Potential Long-Term Effects of COVID-19 on the Call Center Industry

The drastic changes in workplace norms due to the COVID-19 have had significant impacts on the call center industry and will likely continue to do so for years to come. While some of the changes are downright unwelcome, others might end up boosting the industry in the long run or providing a mix of both positive and negative effects.

Staff Changes

As businesses suffer financially during the COVID-19 pandemic, they are laying off employees in favor of more economically viable alternatives. Some of the job losses may only be temporary, but many of them will never return. For example, some companies are permanently switching to cheaper non-human technology. However, the issue isn’t black and white, as the automation of simpler jobs may open the door to other better jobs for people.

Many companies are also choosing to ditch outsourcing, as the work-at-home model requiring a personal computer and internet at home is not always viable overseas. Similarly, there has been a rise in the hiring of people with disabilities, as working from home removes many of the barriers that may have otherwise prevented them from working on location in a call center.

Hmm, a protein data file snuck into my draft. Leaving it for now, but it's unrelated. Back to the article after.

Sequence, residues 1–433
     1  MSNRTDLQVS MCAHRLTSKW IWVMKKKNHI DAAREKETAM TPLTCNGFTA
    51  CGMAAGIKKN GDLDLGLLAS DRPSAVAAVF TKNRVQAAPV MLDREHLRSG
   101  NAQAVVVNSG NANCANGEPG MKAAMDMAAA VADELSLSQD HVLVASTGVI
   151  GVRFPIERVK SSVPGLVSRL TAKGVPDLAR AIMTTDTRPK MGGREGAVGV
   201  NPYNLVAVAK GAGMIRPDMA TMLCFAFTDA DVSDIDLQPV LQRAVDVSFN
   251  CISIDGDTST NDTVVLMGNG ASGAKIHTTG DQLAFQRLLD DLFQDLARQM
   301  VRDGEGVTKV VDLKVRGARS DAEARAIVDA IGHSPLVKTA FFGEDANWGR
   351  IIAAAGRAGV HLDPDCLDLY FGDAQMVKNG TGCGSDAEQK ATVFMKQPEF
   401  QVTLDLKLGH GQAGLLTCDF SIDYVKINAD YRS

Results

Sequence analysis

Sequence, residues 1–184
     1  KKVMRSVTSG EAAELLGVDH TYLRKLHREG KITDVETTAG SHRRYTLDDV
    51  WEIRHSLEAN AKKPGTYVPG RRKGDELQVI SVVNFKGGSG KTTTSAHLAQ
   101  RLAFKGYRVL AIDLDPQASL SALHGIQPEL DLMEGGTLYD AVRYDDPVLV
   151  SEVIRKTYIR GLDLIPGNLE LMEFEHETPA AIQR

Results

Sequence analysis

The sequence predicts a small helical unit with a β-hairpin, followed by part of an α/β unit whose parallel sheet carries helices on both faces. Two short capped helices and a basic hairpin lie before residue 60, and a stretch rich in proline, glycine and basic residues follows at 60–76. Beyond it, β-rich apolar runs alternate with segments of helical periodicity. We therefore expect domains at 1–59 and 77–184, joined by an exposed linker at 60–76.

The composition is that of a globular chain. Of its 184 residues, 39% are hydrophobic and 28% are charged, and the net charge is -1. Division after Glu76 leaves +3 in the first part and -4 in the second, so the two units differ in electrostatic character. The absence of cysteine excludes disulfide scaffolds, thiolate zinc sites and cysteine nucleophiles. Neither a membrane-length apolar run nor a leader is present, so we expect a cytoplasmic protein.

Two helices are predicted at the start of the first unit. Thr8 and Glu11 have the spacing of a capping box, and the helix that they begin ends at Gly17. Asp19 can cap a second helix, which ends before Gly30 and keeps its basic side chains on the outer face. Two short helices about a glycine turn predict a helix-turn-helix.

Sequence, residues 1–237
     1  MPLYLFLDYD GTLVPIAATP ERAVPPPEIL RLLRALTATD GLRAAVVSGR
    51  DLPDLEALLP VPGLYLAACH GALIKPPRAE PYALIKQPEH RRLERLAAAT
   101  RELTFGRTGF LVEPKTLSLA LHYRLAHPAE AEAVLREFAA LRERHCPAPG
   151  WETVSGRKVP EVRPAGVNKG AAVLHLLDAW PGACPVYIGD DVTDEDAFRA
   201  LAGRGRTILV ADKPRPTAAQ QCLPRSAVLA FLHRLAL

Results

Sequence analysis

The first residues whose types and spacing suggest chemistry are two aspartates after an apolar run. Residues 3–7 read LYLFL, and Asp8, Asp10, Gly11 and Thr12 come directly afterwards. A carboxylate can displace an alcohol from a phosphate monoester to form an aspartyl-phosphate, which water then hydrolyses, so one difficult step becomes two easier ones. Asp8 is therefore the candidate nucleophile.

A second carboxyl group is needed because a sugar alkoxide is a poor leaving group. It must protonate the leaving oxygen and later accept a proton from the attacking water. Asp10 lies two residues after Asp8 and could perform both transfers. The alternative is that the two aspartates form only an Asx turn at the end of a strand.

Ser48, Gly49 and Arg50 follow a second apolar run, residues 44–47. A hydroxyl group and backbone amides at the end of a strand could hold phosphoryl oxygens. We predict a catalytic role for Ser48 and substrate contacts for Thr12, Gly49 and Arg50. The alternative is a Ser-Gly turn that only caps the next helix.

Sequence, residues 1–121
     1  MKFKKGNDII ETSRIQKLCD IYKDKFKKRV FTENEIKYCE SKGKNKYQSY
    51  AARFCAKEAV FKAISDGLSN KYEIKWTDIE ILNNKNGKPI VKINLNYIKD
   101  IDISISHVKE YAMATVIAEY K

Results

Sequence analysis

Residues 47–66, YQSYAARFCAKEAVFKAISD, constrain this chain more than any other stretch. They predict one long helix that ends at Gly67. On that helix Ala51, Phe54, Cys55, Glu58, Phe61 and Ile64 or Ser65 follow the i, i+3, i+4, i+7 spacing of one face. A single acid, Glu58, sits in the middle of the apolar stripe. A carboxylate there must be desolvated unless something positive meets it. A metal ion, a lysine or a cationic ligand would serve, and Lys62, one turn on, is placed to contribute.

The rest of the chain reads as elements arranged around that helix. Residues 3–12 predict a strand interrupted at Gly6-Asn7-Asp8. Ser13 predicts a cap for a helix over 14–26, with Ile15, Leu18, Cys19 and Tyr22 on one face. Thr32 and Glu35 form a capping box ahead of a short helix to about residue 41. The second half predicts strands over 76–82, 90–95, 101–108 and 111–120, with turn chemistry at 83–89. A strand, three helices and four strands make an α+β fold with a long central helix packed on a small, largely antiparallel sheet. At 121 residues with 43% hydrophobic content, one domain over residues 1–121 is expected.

Expansion of Digitalization

Call centers are already experiencing drastic increases in call volume as the pandemic pushes customers away from in-person actions and toward remote-access alternatives. The sudden shift has been overwhelming at times, but adapting to it may give call centers opportunities to play a larger role in new areas.

For example, banks in particular are pushing digital transactions to avoid the spread of COVID-19 via the transfer of physical money and in-person exchanges. Moving banking online will require centers to manage everything from opening bank accounts to performing transactions.

New Technology

With the shift toward digital environments, technology such as automation and Artificial Intelligence (AI) will become crucial. They will serve as both replacements for more expensive human workers as well as a way to enhance human capabilities in more advanced roles.

In assistive positions, AI can help human agents in completing their jobs more quickly and effectively by providing rapid information and completing side tasks. This human-technology partnership can help call centers increase their metrics such as response time, handling speed, and overall scalability.

Security Risks

As the online environment becomes the norm, call centers will need to address potential increases in cybercrime. Cybercriminals will see and take advantage of the new rise in digital communications and transactions unless the industry takes the necessary precautions. Changes should include more rigorous proof of identity during calls as well as reinforcing the security of call center computer systems.

Both in terms of security and in other areas, the COVID-19 pandemic has magnified the weak points of call centers. The options are now to fix those problems, find alternatives, or suffer the consequences. If the industry can adapt to the new norms, then call centers will become even more critical assets to businesses navigating the highly digitalized post-pandemic environment.